DUBLIN -- You wouldn’t think that a trip to Ireland, of all places, would be tricky for a famously charming pope.
Traditionally, this is one the most Catholic countries in Christendom. The shamrock itself, Ireland’s national symbol, stems from St. Patrick’s early efforts to teach people the concept of the Holy Trinity.
Catholicism took hold in this country like few others, the bond deepened by years of oppression at the hands of a colonial power that disapproved of the faith so much the British were known to withhold food aid in the midst of a famine unless starving people converted to Protestantism.
Being Catholic in Ireland, “not taking the soup,” was an expression of patriotism.
But times have changed.
The island of saints and scholars is also full of survivors. The sexual abuse scandal that has rocked the Roman Catholic church worldwide hit especially hard here, where church-run schools, workhouses and orphanages were notorious havens for abuse.
Some say one in four people of a certain age here are victims of institutional abuse. Every person, every family, knows someone or is related to someone directly affected.
The horrors of abuse in those institutions in Ireland have been thoroughly documented, but the recent report by a Pennsylvania grand jury detailing decades of abuse in that state opened old wounds all over again right as Pope Francis was due to visit.
By coming here, Pope Francis was entering the lion’s den. That was the frame for this papal visit. For Francis, it was nothing less than a pilgrimage of atonement. For the many Irish who have drifted away from the church -- or broken from it altogether -- it was a new rising.
When Pope John Paul II visited Ireland a generation ago, it was a different country. In 1979, homosexuality was illegal here. In 2018, the taoiseach -- the Irish prime minister -- is gay. Over the past few years, Irish voters have overwhelmingly approved same-sex marriage and lifted a constitutional ban on abortion that’s been in place since shortly after Pope John Paul’s visit.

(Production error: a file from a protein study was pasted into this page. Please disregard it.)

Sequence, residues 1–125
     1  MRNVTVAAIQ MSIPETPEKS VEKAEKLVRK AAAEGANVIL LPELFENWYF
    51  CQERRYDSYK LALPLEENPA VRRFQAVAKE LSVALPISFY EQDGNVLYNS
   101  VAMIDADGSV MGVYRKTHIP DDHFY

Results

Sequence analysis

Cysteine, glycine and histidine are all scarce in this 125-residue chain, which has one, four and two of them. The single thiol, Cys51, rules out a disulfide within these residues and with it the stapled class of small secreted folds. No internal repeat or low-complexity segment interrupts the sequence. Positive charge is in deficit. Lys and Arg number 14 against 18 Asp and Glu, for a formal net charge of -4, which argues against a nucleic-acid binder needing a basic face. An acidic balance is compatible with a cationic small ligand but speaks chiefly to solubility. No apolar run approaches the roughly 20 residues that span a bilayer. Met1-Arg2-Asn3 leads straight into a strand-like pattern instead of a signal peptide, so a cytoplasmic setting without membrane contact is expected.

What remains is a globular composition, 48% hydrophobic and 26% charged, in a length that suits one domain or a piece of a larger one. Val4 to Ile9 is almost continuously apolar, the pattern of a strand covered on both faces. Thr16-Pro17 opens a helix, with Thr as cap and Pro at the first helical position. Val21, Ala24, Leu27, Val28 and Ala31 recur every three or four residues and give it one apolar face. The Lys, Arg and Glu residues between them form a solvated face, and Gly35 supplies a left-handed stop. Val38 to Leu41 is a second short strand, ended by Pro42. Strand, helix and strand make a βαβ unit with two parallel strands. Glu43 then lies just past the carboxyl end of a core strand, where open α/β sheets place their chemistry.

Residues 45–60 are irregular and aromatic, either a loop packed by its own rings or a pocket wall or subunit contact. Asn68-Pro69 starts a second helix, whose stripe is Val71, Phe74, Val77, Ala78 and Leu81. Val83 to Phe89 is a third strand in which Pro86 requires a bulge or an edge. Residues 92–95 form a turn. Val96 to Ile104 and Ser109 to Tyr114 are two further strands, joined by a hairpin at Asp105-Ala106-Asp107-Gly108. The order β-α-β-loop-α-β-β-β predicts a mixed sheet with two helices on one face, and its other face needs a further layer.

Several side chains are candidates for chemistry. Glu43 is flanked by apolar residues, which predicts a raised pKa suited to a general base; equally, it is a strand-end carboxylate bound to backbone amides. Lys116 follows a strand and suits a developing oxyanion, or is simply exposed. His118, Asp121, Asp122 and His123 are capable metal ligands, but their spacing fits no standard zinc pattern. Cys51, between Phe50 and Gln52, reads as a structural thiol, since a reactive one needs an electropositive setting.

In one of Pope Francis’ first meetings on this trip, Taoiseach Leo Varadkar was diplomatic but blunt. Varadkar explained: “This visit marks a new chapter in the relationship between Ireland and the Catholic Church.”
The politician politely told the pope “that marriages do not always work, that women should make their own decisions and that families come in many forms, including those headed by a grandparent, lone parent or same-sex parents or parents who are divorced.”
On the sexual abuse crisis, Varadkar was even more direct. He said, “Above all, Holy Father, I ask you to listen to the victims.”
Pope Francis did listen. And he spoke from the heart, denouncing the abuse of children and the cover-up as “repugnant crimes.” Meeting privately with survivors of institutional abuse, he reportedly used even stronger language to describe church officials who facilitated sexual abuse.
“He stunned us all by referring to them as ‘caca,’” survivor Paul Redmond told the state broadcaster RTÈ. Redmond said, “His translator was taken aback and clarified it, but he literally said they were filth in the toilet.”
But many survivors told us mere words won’t repair the damage done.
“What you need is action,” said Dublin City Councilor Mannix Flynn, a survivor of institutional abuse. “Christ led by example. The apostles are way behind on that. So words are no good. Actions are where it’s at.”
“Can you imagine your house being burglarized and sitting down and thinking you and your wife maybe say a couple of prayers that the guy might leave? It doesn’t work like that. What works is law enforcement. Justice is what works. Truth is what works,” Flynn said.
Another survivor, Michael O’Brien of Clonmel, told me, “We want a day of atonement. A complete day of atonement for what they’ve done to us.”
“Stand up,” he said. “Stand up, Pope Francis, and show us what you can do.”
The anger against the church is so strong, a coalition of protest groups under the banner “Nope to the Pope” booked a block of tickets to Sunday’s papal mass with no intention of showing up.
While more than a million people turned out for Pope John Paul in 1979, the Vatican generously estimated Sunday’s crowd at the same venue to be 300,000, and officials blamed the rain for the poor turnout.
That’s simply not credible. I’ve been to papal masses in Africa and South America where torrential downpours didn’t dampen the turnout. Here in Ireland, they are accustomed to rain. And by afternoon the skies had cleared.
To be sure, there are plenty of Irish who were genuinely excited to see Pope Francis. We met an old fellow named Dermot, fresh off the train from the country (and central casting) in peaked cap and the same suit he wore to see Pope John Paul nearly 40 years ago.
And there was Mary Burke from County Offaly, who told us her children weren’t interested but she felt it was important to be here.
But in Dublin, many counterprotesters gathered Sunday at the General Post Office on O’Connell Street, where Irish nationalists declared independence from Great Britain in the 1916 Easter Rising.
One held up a sign saying “The Church Way Worse than the Brits.”
A bit of Irish humor. But pointed enough.
“The people of Ireland stand with the people of Pennsylvania,” one of the organizers Max Krzyzanowski told me. “We stand with people in every country who have been damaged, traumatized, and killed by this institution.